Alameda Artist Adds Literary Flair to BART

BART stations may not be art galleries, but they are adding posters by acclaimed artist Owen Smith that represent books by Bay Area authors.

The next time you're on a BART station platform, you may notice some curious posters mixed in with the usual advertisements. And you have an Alameda artist to thank.

One shows a man who looks like he stepped off the cover of a pulp-fiction detective novel. He's standing inside a BART train with an open book in his hand and only a slighty perturbed expression on his face while an Alaskan dog sled pulled by six huskies races past him in the snow-filled car. 

If you look closely at the book in his hand, you'll see that it's The Call of the Wild by Jack London.

Another poster depicts a seated woman in BART car holding an open copy of The Joy Luck Club by Amy Tan. Around her is a smoky scene depicting two women in traditional Chinese garb, paper lanterns and butterflies.

A third shows a Sam Spade-type man holding a black falcon statuette on a BART train, looking back at a statuesque blonde seated in the car who is highly suggestive of Brigid O'Shaughnessy. Another passenger is shown reading The Maltese Falcon by Dashiell Hammett.

The three works belong to a poster-art program being installed in unused advertising spaces in a number of BART stations around the system.

They are the creations of artist Owen Smith of Alameda, whose work may be familiar. He's done 18 New Yorker covers, illustrations for detective and children's books and a number of public art works, including murals at a Brooklyn subway station and Dashiell Hammett-themed posters on kiosks along Market Street in San Francisco.

“I like doing art that’s accessible,” Smith said in a BART news release. “I like gallery work, too, but the BART posters don't depend on someone going into a gallery to see them. It can be part of their daily lives, their daily commute."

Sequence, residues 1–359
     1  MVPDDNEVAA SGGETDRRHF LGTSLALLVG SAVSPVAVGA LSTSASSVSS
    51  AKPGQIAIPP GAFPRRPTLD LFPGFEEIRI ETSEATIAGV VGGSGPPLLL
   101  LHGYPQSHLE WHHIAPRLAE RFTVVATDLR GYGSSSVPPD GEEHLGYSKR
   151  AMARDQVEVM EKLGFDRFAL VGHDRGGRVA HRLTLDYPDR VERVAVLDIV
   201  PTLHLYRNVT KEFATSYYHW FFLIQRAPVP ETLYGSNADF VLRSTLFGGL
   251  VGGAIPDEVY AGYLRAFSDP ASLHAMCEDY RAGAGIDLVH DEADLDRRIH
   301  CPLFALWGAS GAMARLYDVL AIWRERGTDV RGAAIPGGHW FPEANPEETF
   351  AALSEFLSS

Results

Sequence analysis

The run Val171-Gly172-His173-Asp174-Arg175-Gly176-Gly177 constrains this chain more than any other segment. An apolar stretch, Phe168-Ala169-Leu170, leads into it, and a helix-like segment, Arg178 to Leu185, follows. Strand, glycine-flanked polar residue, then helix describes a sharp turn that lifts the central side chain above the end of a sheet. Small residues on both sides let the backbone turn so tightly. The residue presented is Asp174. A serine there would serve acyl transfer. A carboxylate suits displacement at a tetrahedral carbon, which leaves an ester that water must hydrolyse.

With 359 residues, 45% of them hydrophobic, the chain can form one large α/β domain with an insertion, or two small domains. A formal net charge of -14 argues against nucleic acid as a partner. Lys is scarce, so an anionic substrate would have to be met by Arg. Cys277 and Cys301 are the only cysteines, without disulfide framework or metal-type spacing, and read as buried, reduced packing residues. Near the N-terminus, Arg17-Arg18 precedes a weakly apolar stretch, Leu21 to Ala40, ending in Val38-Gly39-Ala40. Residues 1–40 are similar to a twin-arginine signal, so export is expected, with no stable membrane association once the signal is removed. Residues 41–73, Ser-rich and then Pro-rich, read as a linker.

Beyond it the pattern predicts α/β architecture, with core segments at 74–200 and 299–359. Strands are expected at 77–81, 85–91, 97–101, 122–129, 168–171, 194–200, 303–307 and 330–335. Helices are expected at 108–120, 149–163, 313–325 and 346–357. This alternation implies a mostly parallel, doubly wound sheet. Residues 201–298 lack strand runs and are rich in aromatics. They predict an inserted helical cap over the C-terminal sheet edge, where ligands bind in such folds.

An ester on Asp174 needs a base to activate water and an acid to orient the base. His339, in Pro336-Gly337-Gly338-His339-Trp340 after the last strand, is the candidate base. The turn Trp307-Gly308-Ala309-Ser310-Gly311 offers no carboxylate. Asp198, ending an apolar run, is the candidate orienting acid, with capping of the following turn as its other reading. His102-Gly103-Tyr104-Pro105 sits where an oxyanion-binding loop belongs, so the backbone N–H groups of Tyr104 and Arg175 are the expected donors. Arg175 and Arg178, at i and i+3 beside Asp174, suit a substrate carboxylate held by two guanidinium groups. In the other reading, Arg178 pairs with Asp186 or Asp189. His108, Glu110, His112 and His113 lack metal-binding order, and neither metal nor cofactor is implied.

Like two previous BART poster-art projects, the works in this series do not contain explicit messages.

“If it’s a little mysterious, that’s OK,” Smith said.

BART officials said Smith, who teaches at the California College of the Arts, liked the idea that reading on BART allowed travel of the mind as well as of the physical body.

“You can spend your time reading on BART, whether it’s a book or on your Kindle or iPad,” Smith said.

bette page May 29, 2012 at 02:19 PM
Hurrah! An Artist who is not ashamed to produce "acessible art".
Jan Greene May 29, 2012 at 02:41 PM
Owen's great work can also be seen in Alameda's newly refurbished West end branch library!
Tom Brody May 29, 2012 at 02:48 PM
For readers interested in this news story about events and art taking place in commuter trains, I suggest reviewing the storyline and artwork of the following children's book: The Subway Sparrow (Sunburst Book) by Leyla Torres.
Marla bodi May 29, 2012 at 10:36 PM
EXcellent use of available space!!
Cybelle May 29, 2012 at 11:46 PM
I saw this the other day and thought it was amazing.


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